He was 59 years old.

It was a blow unlike anything my wife Barbara and I had ever felt. Less than five days later while watching Barry’s casket lowered into the ground, we couldn’t help thinking (actually hoping) it was all just a movie. We kept waiting for the director to yell "Cut!" It was all just too quick. Too unreal to be true.

There were hundreds of people at the funeral and at the reception that followed in their home; a testament to the positive impact that Barry had on so many lives.

It wasn’t fair.

Barbara and I sat there stunned. Watching the many mourners who lined up to hug Barry’s grieving family, my mind started to drift and I asked myself, “Have these people ever hugged each other before?” I thought of a video I had recently seen on YouTube called “Free Hugs.” It was crazy. I suddenly wanted to run out and make my own “Free Hugs” sign and hold it up for everyone to see. It would be a wide open offer.

If you missed this video, take a few minutes and look right now.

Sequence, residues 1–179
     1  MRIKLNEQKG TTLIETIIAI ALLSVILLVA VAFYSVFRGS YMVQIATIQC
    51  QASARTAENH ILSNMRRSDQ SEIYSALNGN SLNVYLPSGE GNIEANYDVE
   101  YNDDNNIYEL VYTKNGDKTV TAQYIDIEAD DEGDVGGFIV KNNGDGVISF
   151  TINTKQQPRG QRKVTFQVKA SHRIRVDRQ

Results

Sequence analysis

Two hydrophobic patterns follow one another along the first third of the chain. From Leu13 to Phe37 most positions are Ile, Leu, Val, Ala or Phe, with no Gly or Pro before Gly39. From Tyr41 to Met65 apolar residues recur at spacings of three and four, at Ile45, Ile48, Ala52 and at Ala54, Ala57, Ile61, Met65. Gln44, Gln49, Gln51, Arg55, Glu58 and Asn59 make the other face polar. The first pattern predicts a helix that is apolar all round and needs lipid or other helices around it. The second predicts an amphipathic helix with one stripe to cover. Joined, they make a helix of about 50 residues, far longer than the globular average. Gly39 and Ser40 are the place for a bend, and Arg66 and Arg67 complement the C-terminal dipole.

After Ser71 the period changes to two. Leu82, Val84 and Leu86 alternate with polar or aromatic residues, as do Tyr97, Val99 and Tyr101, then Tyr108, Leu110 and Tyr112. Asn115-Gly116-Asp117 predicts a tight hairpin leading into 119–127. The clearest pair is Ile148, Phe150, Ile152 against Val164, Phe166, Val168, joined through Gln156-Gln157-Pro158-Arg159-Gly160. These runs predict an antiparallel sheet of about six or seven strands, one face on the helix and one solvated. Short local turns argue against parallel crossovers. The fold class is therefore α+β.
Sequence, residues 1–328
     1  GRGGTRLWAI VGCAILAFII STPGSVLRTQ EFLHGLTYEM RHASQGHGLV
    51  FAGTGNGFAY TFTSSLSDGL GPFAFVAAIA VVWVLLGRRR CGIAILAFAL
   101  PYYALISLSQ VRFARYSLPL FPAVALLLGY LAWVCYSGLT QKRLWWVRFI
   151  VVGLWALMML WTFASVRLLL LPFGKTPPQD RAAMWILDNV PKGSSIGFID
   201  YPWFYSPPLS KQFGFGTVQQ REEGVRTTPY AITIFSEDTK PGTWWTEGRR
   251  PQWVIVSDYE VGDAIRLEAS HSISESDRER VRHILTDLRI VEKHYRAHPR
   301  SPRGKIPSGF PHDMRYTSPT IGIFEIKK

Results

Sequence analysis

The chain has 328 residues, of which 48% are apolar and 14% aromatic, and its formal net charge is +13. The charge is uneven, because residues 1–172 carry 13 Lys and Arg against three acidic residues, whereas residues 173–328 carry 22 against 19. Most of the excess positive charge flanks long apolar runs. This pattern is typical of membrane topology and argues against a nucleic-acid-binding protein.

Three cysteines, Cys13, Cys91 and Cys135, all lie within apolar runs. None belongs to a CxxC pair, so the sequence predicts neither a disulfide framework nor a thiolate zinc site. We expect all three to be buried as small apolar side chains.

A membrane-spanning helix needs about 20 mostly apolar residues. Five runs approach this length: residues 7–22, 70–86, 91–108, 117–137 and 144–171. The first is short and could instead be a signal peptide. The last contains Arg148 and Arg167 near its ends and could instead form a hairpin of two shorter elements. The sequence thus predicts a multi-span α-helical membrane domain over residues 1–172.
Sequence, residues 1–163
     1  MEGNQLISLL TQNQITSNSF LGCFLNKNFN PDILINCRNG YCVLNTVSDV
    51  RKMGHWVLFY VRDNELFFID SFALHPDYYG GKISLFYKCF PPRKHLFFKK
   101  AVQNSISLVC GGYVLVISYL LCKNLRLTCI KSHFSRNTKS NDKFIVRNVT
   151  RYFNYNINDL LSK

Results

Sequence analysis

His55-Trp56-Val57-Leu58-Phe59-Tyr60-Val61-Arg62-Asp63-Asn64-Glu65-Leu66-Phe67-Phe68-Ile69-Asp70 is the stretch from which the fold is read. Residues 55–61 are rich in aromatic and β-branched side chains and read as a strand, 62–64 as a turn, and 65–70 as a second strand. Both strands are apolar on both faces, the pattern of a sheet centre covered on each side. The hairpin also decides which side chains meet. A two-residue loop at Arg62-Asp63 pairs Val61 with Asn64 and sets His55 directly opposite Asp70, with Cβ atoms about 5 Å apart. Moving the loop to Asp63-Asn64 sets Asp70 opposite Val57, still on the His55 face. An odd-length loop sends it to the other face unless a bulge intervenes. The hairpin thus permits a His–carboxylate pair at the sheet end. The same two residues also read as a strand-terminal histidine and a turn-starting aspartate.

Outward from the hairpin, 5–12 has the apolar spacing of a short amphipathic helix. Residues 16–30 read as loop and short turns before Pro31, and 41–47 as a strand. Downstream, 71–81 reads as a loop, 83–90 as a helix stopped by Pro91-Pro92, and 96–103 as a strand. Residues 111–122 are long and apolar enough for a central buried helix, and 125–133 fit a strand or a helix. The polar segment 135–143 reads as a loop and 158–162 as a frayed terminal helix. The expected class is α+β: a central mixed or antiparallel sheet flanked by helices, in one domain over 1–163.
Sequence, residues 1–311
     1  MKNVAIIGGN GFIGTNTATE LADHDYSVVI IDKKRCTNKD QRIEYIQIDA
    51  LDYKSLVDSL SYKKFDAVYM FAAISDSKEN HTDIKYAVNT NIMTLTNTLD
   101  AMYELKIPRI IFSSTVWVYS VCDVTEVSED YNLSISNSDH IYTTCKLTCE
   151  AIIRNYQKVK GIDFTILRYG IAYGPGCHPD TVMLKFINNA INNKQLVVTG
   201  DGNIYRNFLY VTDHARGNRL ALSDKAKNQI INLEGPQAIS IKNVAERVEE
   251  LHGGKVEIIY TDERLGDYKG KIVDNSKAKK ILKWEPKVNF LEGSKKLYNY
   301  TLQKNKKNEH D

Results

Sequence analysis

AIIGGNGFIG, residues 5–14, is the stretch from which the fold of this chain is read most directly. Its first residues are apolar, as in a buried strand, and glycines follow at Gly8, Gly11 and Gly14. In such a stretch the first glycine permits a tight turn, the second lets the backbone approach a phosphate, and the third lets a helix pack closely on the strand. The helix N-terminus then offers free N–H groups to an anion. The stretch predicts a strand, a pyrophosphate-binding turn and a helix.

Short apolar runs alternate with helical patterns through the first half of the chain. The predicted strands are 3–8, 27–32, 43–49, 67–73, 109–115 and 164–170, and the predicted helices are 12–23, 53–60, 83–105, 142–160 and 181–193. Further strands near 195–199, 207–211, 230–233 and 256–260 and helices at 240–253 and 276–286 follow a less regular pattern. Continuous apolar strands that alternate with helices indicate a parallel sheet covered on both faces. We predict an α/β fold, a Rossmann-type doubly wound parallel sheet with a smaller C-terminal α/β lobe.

And then, go hug someone. Your wife, your mother, your sister, daughter, husband, kids and all your friends. Yes, all of them. That’s why I’m writing this blog; to remind you to do it NOW!

I will never forget the moment Barbara and I saw Barry for the first time after all those years apart. We were waiting in a restaurant ready to have lunch together. Happily I reached out to shake his hand as he walked toward us. But, Barry opened his arms wide and gave both of us a big hug.

He was that kind of guy.

Stay tuned

Thursday, October 12, 2006


If you've been tuning in for a new blog and kept finding the same old, same old, I apologize for being so remiss. I've been working on a project and time was at a premium. However, that is no excuse (or is it?).

Thankfully, just before my Blog almost went down in neglect, the cavalry, in the name of Blas (The Oldies Time Traveler) Vallejo, rode to my rescue. He came up with 40 more Baby Boomer Top 40 songs and saved the day until I can rise to a new task myself (couple of days).

Blas, who broadcasts his oldies show on: ( tune in and listen to some really good stuff)

sent me this email ...

"Hey Lloyd: